- Airline stocks could advance by another 70% after their 30% rise so far in 2021, said analysts at Jefferies.
- American Airlines was upgraded to a hold rating from underperform as part of a look at the sector.
- Commodity inflation is something to watch as a pressure point for earnings but currently works as a “tailwind”.
- See more stories on Insider’s business page.
Airline stocks look set to fly up by another 70% as route changes, relatively lower oil prices and other structural considerations help guide the sector’s recovery from the coronavirus crisis, says Jefferies.
The financial services firm outlined its view on Tuesday in a note examining the implications of rising multiples after a collective 30% gain in shares of airlines in its coverage group. Airline shares have risen in recent months as part of a broader ramp-up in business activity spurred by COVID-19 vaccinations and fiscal stimulus that includes $1,400 checks now being sent to most Americans.
“The consensus view around air traffic is that 2023 looks very similar to 2019, with domestic fully recovered and international largely returning to pre-COVID levels,” the financial services firm wrote.
The S&P 500 Airline Index rose nearly 3% during Tuesday’s advancing about 31% this year. The US Global Jets ETF picked up 2.5% during the daily session and has picked up roughly 21% so far in 2021.
Considering factors including productivity improvements alongside a partial offset from net debt changes, “airlines currently trade at a 4.3 times multiple on the bull case scenario versus a historical average of 6X, implying ~70% potential upside across the group,” said Jefferies equity analysts led by Sheila Kahyaoglu.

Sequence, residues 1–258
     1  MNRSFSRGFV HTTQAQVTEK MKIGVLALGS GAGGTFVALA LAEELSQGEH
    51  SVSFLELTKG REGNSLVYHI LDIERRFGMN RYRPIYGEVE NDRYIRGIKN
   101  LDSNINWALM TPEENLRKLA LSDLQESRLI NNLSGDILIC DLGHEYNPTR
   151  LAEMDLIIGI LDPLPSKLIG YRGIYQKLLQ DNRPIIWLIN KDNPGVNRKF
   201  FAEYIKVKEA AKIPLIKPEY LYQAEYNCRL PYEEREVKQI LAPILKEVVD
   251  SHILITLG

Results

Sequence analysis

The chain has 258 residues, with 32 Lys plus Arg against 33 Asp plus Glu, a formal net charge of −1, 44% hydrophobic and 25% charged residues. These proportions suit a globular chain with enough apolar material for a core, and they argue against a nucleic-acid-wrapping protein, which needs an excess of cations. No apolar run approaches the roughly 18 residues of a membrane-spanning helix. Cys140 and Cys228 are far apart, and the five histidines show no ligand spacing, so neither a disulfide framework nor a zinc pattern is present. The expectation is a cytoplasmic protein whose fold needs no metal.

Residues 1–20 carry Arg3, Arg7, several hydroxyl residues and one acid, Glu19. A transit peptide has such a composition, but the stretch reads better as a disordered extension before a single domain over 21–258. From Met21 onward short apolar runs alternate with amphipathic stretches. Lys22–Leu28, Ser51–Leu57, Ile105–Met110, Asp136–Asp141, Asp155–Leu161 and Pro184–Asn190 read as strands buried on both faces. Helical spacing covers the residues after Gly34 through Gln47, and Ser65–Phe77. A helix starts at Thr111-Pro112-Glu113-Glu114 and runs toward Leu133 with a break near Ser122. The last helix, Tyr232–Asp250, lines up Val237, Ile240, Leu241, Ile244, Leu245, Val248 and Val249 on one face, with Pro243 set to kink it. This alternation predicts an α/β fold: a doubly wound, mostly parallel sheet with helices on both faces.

Jefferies said commodity inflation is a “watch item” as a potential headwind to 2023 earnings for airlines, but that it’s currently a “tailwind” compared with 2019, before the pandemic emerged. “Despite the recent rise, the futures price for Brent delivery in Dec 2023 remains at ~$56, below Dec 2019 prices of ~$60” per barrel.
Jefferies’ examination included a rating upgrade for American Airlines stock to hold from underperform. It said American is best positioned to pass costs to consumers as the sole operator on 37% of its routes compared with 29% at Delta and 21% at United.
Meanwhile, American’s partnerships with JetBlue Airways and Alaska Air include a strategic exit from some less profitable routes in the Northeast and Northwest and the changes have the potential to drive total revenue up by 2.3% to $46.8 billion in 2023 from 2019.